Turntable - Rega vs Project - AVS Forum
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post #1 of 41 Old 02-09-2013, 01:19 PM - Thread Starter
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I'm getting the itch to get into a turntable, but don't want to go through "upgrade-idis" - I want to get one that will work for next 10 years without making me think "if I just spent an extra $x, it would sound so much better".

Unfortunately, there isn't anyplace near that sells turntables, so NeedleDoctor (or some other online site) seems to be my purchase location.

The Project Carbon for $399 seems to be winning a lot of entry level awards.

The Rega 3 seems to be winning the $1000 awards and the Rega 6 the $2000 awards.

My real question is, "How different do they sound?" I don't mind spending the money (though $2,000 is about as high as I'm willing to go), but it there a big difference between the Rega 6 and Rega 3? Does the Project 1.3 ($499) sound nearly as good as the Rega 3 ($999)?

I know speakers in different price ranges are significantly different, but CD players, well, lets just say get the Oppo and be done with it.

Lastly, do all of these come with an phono preamp (I know the Rega 6 does) - my current A/V doesn't have a phono input.

Thanks in advance!

Why is there NO perfect equipment, only compromises?
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post #2 of 41 Old 02-09-2013, 02:52 PM
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None of them come with a phono preamp.Unless it's some kind of special deal what you are seeing with the Rega 6 is a power supply that also lets you switch between speeds on the fly instead of adjusting the belt. Be advised that while most of the so called entry level tables come with premounted cartridges as you go up the ladder price wise most do not come with a cartridge so figure that in to your total price as well. Different models come with different tonearms plinths. Which will sound better? Hard to say. What kind of shape is your vinyl in? I'm with you on the upgrade part. I started with a Project Carbon and after about a year started getting the upgrade bug. Ended up with a Rega P5. Love it. I can hear a difference between the two but it's not night and day. How much vinyl do you plan on playing? I would factor that in as well. All of the tables you listed should last you a good long time.
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post #3 of 41 Old 02-09-2013, 09:20 PM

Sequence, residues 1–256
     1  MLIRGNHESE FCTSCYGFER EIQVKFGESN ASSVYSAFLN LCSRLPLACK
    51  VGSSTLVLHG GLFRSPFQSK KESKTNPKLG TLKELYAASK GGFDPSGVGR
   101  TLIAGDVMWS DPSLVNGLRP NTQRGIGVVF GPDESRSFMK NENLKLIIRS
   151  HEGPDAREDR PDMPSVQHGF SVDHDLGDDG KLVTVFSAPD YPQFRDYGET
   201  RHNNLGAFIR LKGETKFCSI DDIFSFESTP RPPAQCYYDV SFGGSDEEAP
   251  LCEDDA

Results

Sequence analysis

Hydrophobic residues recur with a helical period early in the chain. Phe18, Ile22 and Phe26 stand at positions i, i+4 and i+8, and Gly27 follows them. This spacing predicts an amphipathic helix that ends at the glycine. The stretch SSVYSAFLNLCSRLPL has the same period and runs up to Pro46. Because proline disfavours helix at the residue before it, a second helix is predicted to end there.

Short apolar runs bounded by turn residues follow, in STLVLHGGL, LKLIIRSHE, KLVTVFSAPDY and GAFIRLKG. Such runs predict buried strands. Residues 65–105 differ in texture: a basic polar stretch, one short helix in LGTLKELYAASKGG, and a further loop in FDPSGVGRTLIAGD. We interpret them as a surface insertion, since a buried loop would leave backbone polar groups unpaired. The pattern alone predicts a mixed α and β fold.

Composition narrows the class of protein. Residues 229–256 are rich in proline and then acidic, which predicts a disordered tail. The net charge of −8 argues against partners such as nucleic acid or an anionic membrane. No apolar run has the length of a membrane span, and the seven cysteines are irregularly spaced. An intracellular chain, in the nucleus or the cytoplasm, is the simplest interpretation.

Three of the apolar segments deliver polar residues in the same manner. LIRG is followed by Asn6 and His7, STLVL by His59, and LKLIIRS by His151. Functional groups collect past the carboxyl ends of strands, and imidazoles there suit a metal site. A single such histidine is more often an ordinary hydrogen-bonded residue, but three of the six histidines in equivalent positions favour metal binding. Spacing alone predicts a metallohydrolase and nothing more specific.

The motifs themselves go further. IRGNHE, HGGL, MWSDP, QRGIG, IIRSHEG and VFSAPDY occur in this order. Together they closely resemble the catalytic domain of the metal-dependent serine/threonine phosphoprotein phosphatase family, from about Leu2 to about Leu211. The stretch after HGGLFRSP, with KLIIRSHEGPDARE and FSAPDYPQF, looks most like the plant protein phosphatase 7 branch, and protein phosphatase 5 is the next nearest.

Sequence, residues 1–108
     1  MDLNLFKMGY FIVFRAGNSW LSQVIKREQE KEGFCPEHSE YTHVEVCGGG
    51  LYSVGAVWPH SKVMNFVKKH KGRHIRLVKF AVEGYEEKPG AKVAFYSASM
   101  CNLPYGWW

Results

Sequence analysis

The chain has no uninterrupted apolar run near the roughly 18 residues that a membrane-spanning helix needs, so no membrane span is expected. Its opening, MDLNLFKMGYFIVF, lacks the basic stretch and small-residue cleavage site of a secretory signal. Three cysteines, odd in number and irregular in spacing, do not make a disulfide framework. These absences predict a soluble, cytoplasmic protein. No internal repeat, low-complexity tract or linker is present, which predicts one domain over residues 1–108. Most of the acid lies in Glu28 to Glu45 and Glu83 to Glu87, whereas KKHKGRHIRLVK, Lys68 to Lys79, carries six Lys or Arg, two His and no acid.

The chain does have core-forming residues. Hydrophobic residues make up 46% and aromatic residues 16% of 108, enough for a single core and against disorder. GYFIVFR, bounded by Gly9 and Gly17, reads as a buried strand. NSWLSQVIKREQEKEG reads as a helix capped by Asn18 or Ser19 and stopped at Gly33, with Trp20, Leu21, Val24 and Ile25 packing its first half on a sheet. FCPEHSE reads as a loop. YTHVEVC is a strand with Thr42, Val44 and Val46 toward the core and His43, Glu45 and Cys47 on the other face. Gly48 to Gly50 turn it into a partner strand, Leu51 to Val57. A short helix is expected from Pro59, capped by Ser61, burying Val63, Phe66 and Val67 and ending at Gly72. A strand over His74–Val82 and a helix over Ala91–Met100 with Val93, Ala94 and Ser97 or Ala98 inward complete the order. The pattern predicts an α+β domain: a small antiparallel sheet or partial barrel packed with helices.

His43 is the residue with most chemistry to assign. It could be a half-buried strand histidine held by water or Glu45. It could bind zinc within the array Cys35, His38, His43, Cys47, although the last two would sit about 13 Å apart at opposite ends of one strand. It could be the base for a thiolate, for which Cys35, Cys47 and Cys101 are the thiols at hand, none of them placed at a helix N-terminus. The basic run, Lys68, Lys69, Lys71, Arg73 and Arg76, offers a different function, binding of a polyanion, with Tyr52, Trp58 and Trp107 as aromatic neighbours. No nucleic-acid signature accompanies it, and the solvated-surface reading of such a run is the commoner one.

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"I'm getting the itch to get into a turntable, but don't want to go through "upgrade-idis" - I want to get one that will work for next 10 years without making me think "if I just spent an extra $x, it would sound so much better"

Then get a good second hand, non DJ'd Technics SL1200.
Rega make some good arms, but their TT's are very average.
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post #4 of 41 Old 02-10-2013, 07:40 AM
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You may like to look into the Sota Series II Moonbeam. Excellent American made TT's that do both 45 & 33rpm. $750. You'll need to add a cart and phono.smile.gif
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post #5 of 41 Old 02-10-2013, 09:04 AM - Thread Starter
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Originally Posted by acebreathe View Post

None of them come with a phono preamp.Unless it's some kind of special deal what you are seeing with the Rega 6 is a power supply that also lets you switch between speeds on the fly instead of adjusting the belt. Be advised that while most of the so called entry level tables come with premounted cartridges as you go up the ladder price wise most do not come with a cartridge so figure that in to your total price as well. Different models come with different tonearms plinths. Which will sound better? Hard to say. What kind of shape is your vinyl in? I'm with you on the upgrade part. I started with a Project Carbon and after about a year started getting the upgrade bug. Ended up with a Rega P5. Love it. I can hear a difference between the two but it's not night and day. How much vinyl do you plan on playing? I would factor that in as well. All of the tables you listed should last you a good long time.
You're right, I must have misread the Rega 6 review, because it doesn't come with a built-in preamp.
I don't have any 45's, so changing speeds manually doesn't concern me. One thing I can't tell from the reviews/Rega's website, is some type of mechanism to slowly bring the tonearm up and down (does you P5 have something like that, or do you have to be very careful picking up the tonearm after a recording is over?).

My vinyl is in very good condition, stored lovingly for the past 20 years, but truth is I would end up buying a lot of new stuff because my tastes have changed a lot. While I might dabble in my AC/DC collection, I'm a lot more into jazz today.

Why is there NO perfect equipment, only compromises?
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post #6 of 41 Old 02-10-2013, 09:08 AM
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One thing I can't tell from the reviews/Rega's website, is some type of mechanism to slowly bring the tonearm up and down (does you P5 have something like that, or do you have to be very careful picking up the tonearm after a recording is over?).